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Report on Kilauea (United States) — 9 December-15 December 2015


Kilauea

Smithsonian Institution / US Geological Survey
Weekly Volcanic Activity Report, 9 December-15 December 2015
Managing Editor: Sally Sennert.

Please cite this report as:

Global Volcanism Program, 2015. Report on Kilauea (United States) (Sennert, S, ed.). Weekly Volcanic Activity Report, 9 December-15 December 2015. Smithsonian Institution and US Geological Survey.

Weekly Report (9 December-15 December 2015)

Kilauea

United States

19.421°N, 155.287°W; summit elev. 1222 m

All times are local (unless otherwise noted)


HVO reported that seismicity beneath Kilauea's summit, upper East Rift Zone, and Southwest Rift Zone was at background levels during 9-15 December. The lava lake continued to circulate and spatter in the Overlook vent. Webcams recorded multiple incandescent outgassing vents within Pu'u 'O'o. A new incandescent and fuming vent, reported on 10 December, appeared to be from a small collapse into an older, but still hot lava tube. The June 27th NE-trending lava flow continued to be active within 6 km NE of Pu'u 'O'o Crater, burning some areas of forest.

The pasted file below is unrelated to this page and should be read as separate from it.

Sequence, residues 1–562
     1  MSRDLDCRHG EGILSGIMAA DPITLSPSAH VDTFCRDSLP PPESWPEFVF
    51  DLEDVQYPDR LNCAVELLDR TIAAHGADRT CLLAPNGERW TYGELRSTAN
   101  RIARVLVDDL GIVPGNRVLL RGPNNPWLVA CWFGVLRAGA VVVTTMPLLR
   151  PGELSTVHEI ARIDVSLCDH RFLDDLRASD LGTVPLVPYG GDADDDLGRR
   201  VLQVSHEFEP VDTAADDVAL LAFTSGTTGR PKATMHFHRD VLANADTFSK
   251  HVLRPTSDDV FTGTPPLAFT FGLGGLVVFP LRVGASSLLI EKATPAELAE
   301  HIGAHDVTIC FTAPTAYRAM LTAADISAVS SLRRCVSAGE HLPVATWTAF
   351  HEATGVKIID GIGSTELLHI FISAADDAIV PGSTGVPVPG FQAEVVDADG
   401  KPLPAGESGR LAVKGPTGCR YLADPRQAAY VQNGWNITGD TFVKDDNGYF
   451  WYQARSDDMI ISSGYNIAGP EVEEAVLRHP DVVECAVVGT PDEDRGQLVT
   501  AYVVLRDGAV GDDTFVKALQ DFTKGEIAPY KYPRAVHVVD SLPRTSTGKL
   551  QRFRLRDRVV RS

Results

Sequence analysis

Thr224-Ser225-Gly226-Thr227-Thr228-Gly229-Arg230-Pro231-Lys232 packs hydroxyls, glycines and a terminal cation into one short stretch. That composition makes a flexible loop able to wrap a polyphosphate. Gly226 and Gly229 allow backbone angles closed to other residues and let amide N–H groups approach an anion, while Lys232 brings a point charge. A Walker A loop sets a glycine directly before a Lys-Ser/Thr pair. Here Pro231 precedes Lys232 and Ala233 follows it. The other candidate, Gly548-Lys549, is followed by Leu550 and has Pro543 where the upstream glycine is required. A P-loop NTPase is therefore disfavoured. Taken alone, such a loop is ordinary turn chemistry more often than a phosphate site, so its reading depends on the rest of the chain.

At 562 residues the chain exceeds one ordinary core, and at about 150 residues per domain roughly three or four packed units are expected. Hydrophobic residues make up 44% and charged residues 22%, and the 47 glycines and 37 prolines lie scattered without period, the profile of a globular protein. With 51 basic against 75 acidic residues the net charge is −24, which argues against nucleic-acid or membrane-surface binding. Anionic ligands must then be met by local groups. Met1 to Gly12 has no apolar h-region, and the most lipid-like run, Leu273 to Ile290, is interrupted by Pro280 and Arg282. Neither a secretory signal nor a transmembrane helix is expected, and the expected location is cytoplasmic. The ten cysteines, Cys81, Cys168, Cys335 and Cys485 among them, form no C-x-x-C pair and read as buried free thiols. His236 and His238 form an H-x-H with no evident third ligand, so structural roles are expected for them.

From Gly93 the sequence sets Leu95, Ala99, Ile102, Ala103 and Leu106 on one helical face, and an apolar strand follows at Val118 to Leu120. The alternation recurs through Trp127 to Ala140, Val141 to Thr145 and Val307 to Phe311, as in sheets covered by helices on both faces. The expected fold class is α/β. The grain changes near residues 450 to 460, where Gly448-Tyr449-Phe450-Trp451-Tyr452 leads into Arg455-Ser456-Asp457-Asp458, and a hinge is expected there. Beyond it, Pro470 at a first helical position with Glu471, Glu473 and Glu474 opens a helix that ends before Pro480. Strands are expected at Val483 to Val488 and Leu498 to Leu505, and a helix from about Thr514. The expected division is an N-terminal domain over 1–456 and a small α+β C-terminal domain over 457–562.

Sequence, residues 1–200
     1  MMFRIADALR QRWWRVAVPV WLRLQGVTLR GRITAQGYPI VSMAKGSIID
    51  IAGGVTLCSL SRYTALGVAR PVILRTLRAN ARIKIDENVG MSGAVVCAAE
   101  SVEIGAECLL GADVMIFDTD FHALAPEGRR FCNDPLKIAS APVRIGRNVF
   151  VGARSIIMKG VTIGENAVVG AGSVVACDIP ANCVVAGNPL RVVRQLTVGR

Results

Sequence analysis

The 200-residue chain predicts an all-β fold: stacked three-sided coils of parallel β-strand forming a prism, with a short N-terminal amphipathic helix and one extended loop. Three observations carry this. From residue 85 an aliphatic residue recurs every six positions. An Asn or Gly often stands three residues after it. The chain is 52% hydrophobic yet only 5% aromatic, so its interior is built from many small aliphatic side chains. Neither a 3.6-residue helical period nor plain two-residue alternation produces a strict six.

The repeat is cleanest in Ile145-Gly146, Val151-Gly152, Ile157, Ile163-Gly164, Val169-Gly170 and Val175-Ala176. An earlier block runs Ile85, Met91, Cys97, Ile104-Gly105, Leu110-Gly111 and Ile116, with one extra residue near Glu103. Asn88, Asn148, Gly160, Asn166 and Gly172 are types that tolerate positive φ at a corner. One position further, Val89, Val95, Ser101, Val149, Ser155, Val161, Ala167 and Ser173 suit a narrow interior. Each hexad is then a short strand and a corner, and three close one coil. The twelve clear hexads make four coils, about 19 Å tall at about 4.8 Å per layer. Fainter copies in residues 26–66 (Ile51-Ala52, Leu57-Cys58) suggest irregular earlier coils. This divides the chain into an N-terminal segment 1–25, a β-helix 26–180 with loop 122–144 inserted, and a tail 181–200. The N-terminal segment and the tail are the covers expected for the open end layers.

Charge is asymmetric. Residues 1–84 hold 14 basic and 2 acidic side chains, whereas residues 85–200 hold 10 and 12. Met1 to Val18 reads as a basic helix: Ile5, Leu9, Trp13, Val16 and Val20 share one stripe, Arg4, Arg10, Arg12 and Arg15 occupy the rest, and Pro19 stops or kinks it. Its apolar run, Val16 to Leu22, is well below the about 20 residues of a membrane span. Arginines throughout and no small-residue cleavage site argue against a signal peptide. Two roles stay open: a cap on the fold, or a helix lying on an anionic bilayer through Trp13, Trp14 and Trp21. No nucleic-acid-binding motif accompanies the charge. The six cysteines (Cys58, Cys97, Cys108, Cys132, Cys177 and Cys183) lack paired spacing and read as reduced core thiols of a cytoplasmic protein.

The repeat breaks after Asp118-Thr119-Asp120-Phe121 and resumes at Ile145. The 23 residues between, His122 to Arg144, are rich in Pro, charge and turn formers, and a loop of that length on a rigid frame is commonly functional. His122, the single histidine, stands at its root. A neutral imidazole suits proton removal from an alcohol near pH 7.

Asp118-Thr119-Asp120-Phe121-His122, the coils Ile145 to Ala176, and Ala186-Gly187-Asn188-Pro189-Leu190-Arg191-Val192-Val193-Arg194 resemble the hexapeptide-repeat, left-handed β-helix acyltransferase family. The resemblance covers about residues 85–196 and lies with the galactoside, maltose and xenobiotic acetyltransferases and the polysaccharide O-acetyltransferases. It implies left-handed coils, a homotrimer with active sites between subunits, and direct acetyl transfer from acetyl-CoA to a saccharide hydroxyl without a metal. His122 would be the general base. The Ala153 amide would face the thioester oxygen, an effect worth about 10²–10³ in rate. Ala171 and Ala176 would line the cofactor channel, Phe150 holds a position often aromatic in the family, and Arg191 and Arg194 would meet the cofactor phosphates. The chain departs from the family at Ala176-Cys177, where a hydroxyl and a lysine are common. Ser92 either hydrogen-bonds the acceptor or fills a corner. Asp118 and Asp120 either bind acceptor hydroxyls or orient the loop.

Geological Summary. Kilauea overlaps the E flank of the massive Mauna Loa shield volcano in the island of Hawaii. Eruptions are prominent in Polynesian legends; written documentation since 1820 records frequent summit and flank lava flow eruptions interspersed with periods of long-term lava lake activity at Halemaumau crater in the summit caldera until 1924. The 3 x 5 km caldera was formed in several stages about 1,500 years ago and during the 18th century; eruptions have also originated from the lengthy East and Southwest rift zones, which extend to the ocean in both directions. About 90% of the surface of the basaltic shield volcano is formed of lava flows less than about 1,100 years old; 70% of the surface is younger than 600 years. The long-term eruption from the East rift zone between 1983 and 2018 produced lava flows covering more than 100 km2, destroyed hundreds of houses, and added new coastline.

Source: US Geological Survey Hawaiian Volcano Observatory (HVO)